Figure 1

                  Sbh1p can be phosphorylated in yeast ER membranes. (A) Left: Wildtype microsomes (5eq) were incubated with g-[32P]ATP (40 μCi) for 30 min. Membranes were lysed in SDS, and Sbh1p and Sss1p immunoprecipitated with polyclonal rabbit antisera in duplicate. Precipitated proteins and 10% of the lysate were resolved on a 15% SDS gel and detected by autoradiography. Upper right: Microsomes (1 eq) of the indicated strains were lysed, proteins resolved on a 15% SDS gel, and Sbh proteins detected with an antiserum directed against the first 18 amino acids of Sbh1p. Lower right: Microsomes from the indicated strains were labelled with γ-[32P]ATP as above and Sbh proteins precipitated in duplicate. Proteins were resolved on a 15% gel and detected by autoradiography. (B) Alignment of S. cerevisiae Sbh1p and Canis familiaris Sec61ß. Transmembrane domains are indicated in blue. Phosphorylation sites predicted by NetPhos are shown in orange, an additional site predicted by Scan Prosite in yellow.

                  Mutation of predicted Sbh1p phosphorylation sites S21, S38, S44 & T33

                  Gruss and colleagues [19] had not identified the sites phosphorylated in dog Sec61ß. We looked for potential phosphorylation sites in Sbh1p using the NetPhos programme. We found three phosphorylation sites in the cytosolic domain of Sbh1p (shown in orange in Figure 1B), two of which were conserved in dog Sec61ß. Yeast strains which lack both SBH1 and SBH2 are temperature-sensitive at 37°C, but yeast tolerate deletion of either gene without measurable translocation defects [17]. We asked whether mutation of the potential phosphorylation sites in SBH1 affected the ability of the gene to complement the growth defect of a Δsbh1Δsbh2 strain at 37°C. Amino acids S21, S38, and S44 in Sbh1p were changed to alanine using site-directed mutagenesis and the resulting genes expressed in Δsbh1Δsbh2 yeast. As shown in Figure 2A, all mutants were still able to promote growth of this strain at 37°C. Overexpression of all mutants also still rescued exocyst mutants sec8-9 and sec15-1 (not shown). We then asked whether the mutant proteins were still phosphorylatable. Membranes were prepared from each strain, labelled with γ-32P]ATP, and Sbh1p was immunoprecipitated. As shown in Figure 2B (upper panels) all mutant proteins were still phosphorylated to levels comparable with wildtype protein. A constant phospho-protein signal could have been the result of overexpression of hyposphosphorylated Sbh1p. Immunoblotting on the membranes, however, revealed that expression levels of wildtype and the individual mutant proteins were comparable (Figure 2B, lower panels). We conclude that none of the identified potential phosphorylation sites (S21, S38, S44) in the cytosolic domain of Sbh1p is the sole phosphate-acceptor site in the protein.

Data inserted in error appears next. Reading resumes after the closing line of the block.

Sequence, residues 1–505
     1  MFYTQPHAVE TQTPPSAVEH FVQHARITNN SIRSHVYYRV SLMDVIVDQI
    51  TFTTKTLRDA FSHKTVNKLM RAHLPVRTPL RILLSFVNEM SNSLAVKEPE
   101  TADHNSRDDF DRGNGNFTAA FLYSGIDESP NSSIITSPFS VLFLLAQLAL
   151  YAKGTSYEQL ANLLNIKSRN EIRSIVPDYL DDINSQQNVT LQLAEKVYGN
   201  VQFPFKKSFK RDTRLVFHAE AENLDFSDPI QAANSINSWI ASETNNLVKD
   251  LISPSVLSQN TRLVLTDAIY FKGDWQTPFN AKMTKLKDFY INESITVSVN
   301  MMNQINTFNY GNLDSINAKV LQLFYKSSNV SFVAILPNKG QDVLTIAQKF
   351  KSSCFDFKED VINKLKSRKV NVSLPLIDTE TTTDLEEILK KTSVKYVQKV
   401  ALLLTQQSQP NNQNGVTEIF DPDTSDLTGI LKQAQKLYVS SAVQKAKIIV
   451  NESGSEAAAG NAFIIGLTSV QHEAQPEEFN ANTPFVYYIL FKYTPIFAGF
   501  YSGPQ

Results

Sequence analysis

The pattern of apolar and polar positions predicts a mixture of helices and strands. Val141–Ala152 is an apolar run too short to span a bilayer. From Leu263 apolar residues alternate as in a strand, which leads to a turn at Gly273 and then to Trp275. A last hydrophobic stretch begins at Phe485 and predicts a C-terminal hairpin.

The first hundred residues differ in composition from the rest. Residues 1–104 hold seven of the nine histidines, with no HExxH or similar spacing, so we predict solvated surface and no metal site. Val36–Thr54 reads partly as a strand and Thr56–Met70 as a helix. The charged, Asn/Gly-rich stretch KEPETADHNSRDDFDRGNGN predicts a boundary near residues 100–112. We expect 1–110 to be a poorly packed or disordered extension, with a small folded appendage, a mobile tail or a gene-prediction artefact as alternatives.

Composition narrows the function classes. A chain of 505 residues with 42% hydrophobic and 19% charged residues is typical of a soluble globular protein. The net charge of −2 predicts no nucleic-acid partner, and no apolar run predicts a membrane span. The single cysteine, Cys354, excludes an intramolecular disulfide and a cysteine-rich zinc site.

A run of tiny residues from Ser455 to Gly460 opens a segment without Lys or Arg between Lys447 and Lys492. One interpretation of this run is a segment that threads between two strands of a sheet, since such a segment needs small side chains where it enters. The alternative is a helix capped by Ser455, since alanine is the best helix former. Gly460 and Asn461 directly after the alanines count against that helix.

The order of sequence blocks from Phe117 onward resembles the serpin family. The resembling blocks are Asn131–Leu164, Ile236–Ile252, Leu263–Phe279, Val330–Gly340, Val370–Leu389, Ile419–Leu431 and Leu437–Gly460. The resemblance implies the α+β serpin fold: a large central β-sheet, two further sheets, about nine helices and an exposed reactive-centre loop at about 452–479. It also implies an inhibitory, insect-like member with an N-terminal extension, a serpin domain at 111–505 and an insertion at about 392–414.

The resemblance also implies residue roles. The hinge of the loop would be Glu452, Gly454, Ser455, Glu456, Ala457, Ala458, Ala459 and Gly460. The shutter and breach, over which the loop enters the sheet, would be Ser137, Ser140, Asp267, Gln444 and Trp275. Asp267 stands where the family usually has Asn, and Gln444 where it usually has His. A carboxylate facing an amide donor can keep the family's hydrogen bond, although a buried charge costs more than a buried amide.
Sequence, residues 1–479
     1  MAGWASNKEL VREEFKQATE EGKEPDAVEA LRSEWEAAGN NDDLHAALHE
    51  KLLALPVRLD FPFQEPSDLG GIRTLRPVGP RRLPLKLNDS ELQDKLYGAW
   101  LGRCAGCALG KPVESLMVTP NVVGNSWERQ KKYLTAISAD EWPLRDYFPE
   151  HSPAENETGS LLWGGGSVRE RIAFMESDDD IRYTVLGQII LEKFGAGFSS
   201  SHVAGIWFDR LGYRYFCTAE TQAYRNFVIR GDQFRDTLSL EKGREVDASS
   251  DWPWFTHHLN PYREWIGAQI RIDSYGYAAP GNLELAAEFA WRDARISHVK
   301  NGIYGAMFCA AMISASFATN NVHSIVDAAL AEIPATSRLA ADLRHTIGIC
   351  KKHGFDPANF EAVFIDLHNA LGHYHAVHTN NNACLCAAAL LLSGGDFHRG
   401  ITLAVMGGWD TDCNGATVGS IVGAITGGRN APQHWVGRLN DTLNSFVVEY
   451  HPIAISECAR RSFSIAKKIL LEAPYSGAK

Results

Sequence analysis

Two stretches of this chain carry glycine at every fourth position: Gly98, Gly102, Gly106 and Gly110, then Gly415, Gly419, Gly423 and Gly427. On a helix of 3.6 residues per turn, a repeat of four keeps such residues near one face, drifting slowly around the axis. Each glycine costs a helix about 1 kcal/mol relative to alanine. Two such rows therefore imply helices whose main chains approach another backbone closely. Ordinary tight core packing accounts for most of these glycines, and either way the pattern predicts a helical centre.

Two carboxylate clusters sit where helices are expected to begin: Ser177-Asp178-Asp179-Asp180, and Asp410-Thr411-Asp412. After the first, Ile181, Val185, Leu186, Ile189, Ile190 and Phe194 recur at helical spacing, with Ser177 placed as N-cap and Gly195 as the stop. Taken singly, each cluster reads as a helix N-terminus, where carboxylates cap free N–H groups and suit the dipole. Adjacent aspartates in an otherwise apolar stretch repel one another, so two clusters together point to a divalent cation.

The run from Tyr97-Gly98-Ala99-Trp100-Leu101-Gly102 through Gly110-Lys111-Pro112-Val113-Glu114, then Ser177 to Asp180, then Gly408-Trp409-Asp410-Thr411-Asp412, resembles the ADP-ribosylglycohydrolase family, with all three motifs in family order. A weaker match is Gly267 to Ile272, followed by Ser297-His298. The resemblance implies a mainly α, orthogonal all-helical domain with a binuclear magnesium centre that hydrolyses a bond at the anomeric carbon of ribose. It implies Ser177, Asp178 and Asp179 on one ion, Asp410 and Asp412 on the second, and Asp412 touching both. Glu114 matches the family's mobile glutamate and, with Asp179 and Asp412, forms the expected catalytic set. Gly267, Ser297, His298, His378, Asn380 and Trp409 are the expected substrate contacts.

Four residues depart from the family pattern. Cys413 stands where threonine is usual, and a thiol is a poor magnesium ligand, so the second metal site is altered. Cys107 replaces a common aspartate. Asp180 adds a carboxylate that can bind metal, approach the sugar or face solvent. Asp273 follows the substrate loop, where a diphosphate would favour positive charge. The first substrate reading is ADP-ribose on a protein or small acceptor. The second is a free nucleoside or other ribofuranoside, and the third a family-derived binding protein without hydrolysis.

Figure 2